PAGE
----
have to pay up to Dow because Quebec doesn't want people overusing
pesticides and tainting their groundwater.
Ah, the rich, syrupy taste of socialism. Nar um num num num num!
24 March 2009
edie.net - providing green news, views and commercial data tailored to
the needs of professional environmentalists
Canadian province bans pesticides
The Canadian province of Ontario will ban cosmetic pesticides from
Under new legislation to take effect from Wednesday, April 22 - Earth
Day, an environmental awareness event - the cosmetic use of pesticides
on lawns, gardens, cemeteries, parks and schools will be banned and
products removed from the shelves.
John Gerretsen, Ontario environment minister, said: "We have fulfilled
our commitment to ban the sale and use of cosmetic pesticides in
"I'm proud to say that, when the ban takes effect on Earth Day, we
will have eliminated this unnecessary risk to our environment, our
families, and especially our children."
The moves is the final step in the Cosmetic Pesticides Ban Act, passed
It covers a range of herbicides, fungicides and insecticides.
More than 250 pesticide products including Roundup, Killex and Weed
and Feed will be taken off shop shelves and some 80 ingredients banned
Lawn companies and homeowners will be prohibited from using them.
Exceptions include for public health or safety reasons such as
fighting West Nile Virus, killing stinging insects, or controlling
poison ivy and other plants poisonous to the touch.
Other exceptions include agriculture and forestry and golf courses.
Municipalities can apply to the Ministry of the Environment for
exemptions to maintain sports fields for a national or international
Ontario is the second Canadian province to ban cosmetic pesticide use
after Quebec in 2006, it is understood. The ban replaces existing
The environment ministry has said previously that the government
"believes the use of pesticides to control pesky weeds and insects for
purely cosmetic reasons is an unnecessary risk to our families and
pets, especially when you can have a healthier lawn and garden without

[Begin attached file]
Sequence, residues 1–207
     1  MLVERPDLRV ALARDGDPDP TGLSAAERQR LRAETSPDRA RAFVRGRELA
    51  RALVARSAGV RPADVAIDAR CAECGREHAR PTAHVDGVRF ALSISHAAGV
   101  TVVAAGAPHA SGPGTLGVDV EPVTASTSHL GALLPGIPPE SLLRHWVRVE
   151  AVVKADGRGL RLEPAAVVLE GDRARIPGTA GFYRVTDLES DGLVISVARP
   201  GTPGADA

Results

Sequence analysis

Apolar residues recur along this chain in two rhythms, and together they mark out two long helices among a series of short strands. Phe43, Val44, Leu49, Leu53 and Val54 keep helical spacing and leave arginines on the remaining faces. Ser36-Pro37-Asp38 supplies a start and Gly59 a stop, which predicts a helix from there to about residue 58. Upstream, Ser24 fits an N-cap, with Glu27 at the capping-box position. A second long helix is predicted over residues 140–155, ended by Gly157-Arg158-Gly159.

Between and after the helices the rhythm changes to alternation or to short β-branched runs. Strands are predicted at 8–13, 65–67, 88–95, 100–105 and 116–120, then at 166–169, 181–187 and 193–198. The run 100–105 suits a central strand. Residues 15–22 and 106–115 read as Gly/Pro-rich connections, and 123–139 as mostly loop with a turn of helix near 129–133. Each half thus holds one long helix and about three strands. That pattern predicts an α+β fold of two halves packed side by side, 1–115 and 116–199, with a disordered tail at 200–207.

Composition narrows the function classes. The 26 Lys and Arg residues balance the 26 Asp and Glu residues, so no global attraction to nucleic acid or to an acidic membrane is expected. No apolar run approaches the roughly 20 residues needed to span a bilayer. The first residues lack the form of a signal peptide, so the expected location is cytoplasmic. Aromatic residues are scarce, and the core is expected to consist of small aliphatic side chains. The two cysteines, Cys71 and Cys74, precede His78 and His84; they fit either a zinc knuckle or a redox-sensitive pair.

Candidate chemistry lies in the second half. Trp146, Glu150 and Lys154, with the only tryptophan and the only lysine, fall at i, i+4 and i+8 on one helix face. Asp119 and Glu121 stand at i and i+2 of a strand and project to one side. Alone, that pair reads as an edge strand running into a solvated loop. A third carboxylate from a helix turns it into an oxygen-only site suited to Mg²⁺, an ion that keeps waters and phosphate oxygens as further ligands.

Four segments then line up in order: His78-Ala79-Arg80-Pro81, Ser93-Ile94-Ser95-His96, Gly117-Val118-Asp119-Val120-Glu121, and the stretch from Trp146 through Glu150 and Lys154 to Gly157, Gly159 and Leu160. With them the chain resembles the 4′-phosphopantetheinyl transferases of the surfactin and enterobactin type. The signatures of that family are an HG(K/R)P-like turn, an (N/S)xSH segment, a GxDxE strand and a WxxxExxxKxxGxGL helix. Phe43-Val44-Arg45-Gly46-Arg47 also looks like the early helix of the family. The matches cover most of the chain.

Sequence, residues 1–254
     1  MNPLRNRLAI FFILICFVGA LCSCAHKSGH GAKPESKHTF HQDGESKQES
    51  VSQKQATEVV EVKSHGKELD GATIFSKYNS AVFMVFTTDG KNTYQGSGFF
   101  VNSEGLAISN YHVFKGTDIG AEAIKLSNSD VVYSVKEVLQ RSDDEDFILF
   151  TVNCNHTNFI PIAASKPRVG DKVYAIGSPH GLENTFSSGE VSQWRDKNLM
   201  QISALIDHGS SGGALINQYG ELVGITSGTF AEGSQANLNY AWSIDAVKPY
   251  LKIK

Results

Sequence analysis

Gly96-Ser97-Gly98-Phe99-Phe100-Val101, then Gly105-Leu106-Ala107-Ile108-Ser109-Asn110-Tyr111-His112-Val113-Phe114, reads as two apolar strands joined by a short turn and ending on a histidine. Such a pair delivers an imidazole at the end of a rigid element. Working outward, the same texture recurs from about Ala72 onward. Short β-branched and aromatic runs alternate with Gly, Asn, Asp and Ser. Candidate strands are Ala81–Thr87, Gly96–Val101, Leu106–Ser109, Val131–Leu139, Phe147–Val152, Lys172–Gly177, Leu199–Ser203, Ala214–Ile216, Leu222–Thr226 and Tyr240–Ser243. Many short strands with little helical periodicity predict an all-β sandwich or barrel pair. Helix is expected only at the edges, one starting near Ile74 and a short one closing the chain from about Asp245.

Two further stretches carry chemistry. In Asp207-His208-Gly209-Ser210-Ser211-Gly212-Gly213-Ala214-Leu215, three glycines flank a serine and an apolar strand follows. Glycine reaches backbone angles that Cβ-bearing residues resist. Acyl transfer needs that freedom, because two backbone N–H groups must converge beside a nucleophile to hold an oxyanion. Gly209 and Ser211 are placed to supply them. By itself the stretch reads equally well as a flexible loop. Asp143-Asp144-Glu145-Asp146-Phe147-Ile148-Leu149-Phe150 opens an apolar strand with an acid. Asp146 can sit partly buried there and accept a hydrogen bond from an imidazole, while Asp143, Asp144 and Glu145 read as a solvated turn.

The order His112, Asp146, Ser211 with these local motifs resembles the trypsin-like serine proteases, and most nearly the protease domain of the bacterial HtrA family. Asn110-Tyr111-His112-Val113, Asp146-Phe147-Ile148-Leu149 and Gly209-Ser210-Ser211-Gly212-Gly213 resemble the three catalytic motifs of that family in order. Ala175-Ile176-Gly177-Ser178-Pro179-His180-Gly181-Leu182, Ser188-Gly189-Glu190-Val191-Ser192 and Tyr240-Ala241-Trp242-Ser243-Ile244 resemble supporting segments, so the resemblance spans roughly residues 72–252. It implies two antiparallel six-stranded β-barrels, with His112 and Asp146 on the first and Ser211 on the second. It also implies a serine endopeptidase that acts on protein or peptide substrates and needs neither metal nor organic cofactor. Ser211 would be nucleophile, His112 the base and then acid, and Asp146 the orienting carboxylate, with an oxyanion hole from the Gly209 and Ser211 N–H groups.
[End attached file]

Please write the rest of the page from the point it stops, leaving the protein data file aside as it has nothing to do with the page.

It added: "We have listened to medical experts, who have made a
convincing case for reducing our exposure to pesticides, particularly
children who are generally more susceptible to the potential toxic
effects of pesticides."
But the ban has provoked resistance in some quarters, including the
Pierre Petelle, director of regulatory affairs at Croplife Canada, a
trade association representing manufacturers, developers and
distributors of pest control products, said: "The main problem with
these regulations is they arenÕt science-based. This will have an
effect on innovation in developing new products."
Supporters say non-toxic lawn care, which involves hand-weeding and is
more labour-intensive, will spur job creation especially among young
people looking for holiday work.
It is has reportedly already sparked a boom in mechanical weeding tool
For more details visit the Ontario ministry of environment website @
© Faversham House Group Ltd 2009.
Tuesday, March 24, 2009
Widows seek changes for Agent Orange compensation rules, deadline
A group of military widows is trying to have the deadline extended for
people seeking compensation for illness and death from Agent Orange
spraying at Canadian Forces Base Gagetown in the 1960s.
The deadline to apply for the federal government's compensation
package is April 1, but an organization is pushing to have that date
moved and for a change to the qualifying date to cover when their
Calling themselves Widows on the Warpath, the group has about 80
members across the country, said founder Bette Hudson.
"I wasn't eligible because he didn't die on or after Feb. 6, 2006. He
was to have died on or after that date. And he died in 2004," Hudson
All members of Hudson's group have seen their claims rejected by the
compensation package, which offers payments of up to $20,000 to
veterans with specific diseases linked to the spraying of the
herbicide Agent Orange in 1966 and '67.
The U.S. military tested Agent Orange, Agent Purple and several other
defoliants on a small section of the base over seven days in 1966 and
The federal government's compensation offer is subject to tight
restrictions, with payments only available to veterans and civilians
who worked on or lived within five kilometres of the base between 1966
and 1967, and only those who have illnesses associated with Agent
Those illnesses include Hodgkin's disease, lymphoma, respiratory
cancers, prostate cancer and type 2 diabetes, as determined by the
U.S. Institute of Medicine.
It is anticipated roughly 4,500 people will be eligible for the
Hudson's claim is one of 878 denied by the Department of Veterans
Affairs, while 2,153 have been approved.
Widows on the Warpath will be pressing federal politicians to open up